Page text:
While taking an Advanced Placement (AP) or International Baccalaureate (IB) class in high school looks great a college transcript, taking the end-of-course AP exams costs a pretty penny. For low-income students, paying fees of over $100 is simply not feasible.

Until recently, a federal grant helped students pay for the majority of the exam fees, and qualifying students paid only $15 per AP exam. Unfortunately, the grant ended late last year when Congress passed the Every Student Succeeds Act (ESSA). Barack Obama signed the act in 2015 which established the federal government's expanded role in funding public education and includes endowments that will help to ensure success for all students and schools.

The new law doesn’t take effect until this September which means there is a one-year funding gap. Congress also created a block grant to support a variety of programs, and states can apply for that grant money and use it for many things, including offsetting the cost of AP and IB test fees for low-income students. But Congress hasn't funded the program yet.

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With some states helping out by covering some of the costs, students would still be responsible for covering $53 per exam.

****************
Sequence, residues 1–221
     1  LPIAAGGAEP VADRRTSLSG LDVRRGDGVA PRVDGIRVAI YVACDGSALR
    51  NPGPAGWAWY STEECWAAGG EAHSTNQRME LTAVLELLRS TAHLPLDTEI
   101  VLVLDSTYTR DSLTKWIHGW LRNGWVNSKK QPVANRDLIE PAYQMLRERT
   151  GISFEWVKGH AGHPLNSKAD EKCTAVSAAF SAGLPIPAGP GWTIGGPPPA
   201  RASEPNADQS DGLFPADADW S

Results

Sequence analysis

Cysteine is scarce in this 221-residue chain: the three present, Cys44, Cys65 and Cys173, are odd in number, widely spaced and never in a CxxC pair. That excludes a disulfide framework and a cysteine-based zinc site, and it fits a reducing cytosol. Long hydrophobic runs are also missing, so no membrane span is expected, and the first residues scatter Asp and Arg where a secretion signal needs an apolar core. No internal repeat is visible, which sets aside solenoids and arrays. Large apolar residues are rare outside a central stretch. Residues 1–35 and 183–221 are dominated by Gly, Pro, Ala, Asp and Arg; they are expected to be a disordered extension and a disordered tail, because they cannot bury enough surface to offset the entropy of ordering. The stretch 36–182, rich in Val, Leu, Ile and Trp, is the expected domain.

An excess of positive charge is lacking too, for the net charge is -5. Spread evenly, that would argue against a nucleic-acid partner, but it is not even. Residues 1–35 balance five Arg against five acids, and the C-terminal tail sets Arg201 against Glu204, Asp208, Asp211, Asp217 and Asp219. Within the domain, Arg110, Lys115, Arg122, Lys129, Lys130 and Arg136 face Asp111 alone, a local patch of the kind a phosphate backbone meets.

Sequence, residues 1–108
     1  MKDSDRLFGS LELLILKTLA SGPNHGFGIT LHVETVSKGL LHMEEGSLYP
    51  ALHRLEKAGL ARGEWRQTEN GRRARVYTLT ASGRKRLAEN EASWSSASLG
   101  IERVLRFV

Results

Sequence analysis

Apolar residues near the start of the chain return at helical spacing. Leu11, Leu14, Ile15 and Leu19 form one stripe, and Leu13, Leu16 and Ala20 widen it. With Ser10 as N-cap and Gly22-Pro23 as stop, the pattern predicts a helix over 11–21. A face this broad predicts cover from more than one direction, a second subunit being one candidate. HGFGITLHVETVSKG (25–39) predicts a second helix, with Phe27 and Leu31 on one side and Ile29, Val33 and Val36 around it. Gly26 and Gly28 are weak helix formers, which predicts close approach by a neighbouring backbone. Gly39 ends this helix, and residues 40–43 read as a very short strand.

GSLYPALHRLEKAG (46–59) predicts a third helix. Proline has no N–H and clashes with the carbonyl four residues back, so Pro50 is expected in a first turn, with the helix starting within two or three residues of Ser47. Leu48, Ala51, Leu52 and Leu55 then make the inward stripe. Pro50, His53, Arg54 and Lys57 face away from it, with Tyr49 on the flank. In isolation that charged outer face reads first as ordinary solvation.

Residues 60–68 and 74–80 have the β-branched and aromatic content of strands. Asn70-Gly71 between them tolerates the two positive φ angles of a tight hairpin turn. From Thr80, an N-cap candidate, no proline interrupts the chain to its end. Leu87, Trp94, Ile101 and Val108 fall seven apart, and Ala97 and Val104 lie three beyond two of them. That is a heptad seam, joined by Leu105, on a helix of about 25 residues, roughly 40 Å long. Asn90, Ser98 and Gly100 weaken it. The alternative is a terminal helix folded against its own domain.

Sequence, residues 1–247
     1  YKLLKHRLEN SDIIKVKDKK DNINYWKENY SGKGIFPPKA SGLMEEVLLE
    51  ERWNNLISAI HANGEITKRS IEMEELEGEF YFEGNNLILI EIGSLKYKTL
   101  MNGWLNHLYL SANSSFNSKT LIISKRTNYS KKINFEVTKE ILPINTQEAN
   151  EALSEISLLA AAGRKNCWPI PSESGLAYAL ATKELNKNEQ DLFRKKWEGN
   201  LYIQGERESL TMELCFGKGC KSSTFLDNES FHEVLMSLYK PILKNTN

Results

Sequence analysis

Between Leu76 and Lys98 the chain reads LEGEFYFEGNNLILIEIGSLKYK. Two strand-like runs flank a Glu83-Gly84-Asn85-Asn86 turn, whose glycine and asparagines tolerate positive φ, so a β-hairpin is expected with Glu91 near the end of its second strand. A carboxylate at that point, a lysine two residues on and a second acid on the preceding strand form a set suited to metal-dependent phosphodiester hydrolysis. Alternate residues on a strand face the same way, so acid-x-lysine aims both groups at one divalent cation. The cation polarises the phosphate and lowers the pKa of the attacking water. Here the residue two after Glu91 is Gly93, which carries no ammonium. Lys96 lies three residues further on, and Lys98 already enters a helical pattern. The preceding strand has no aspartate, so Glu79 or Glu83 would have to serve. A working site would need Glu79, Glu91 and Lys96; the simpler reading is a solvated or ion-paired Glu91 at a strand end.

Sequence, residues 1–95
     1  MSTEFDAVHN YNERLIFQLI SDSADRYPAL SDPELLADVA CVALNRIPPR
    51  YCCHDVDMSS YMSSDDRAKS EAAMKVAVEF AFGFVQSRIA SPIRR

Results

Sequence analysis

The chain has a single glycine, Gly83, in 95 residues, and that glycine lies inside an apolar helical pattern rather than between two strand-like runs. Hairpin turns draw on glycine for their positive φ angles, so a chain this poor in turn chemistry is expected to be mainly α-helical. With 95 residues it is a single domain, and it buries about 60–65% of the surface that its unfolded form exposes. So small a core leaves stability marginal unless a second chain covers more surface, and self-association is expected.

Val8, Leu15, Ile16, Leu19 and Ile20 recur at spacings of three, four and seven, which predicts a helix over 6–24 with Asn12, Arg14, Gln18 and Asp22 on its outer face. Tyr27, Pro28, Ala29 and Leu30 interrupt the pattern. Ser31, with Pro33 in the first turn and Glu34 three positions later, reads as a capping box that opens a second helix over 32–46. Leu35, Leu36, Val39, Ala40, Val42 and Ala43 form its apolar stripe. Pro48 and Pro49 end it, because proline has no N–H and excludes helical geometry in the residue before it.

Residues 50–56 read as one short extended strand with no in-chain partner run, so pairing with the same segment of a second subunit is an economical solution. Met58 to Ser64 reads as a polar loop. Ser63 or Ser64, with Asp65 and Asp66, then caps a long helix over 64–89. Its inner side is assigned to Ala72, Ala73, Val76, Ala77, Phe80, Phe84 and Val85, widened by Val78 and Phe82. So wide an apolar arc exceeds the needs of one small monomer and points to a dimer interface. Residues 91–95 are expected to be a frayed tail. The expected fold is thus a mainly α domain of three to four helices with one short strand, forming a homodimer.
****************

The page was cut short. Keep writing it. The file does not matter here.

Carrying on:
This has led many to worry that low income students won’t be able to take the exams. Before that happens, a group of Washington public agencies, businesses, and education non-profits has been working together to raise $800,000 to cover the gap year in funding. If they succeed, the student portion of the price would go back down to $15 per exam. This effort was spearheaded by Lt. Governor Cyrus Habib of Washington.

Microsoft and The Schultz Family Foundation have each donated $100,000 while JPMorgan Chase and Nordstrom have each given $25,000. Washington officials and the non-profit College Success Foundation are working on raising the rest of the money by March 7—the deadline for students to sign up to take AP exams.

Image Copyright Nicolas Raymond.

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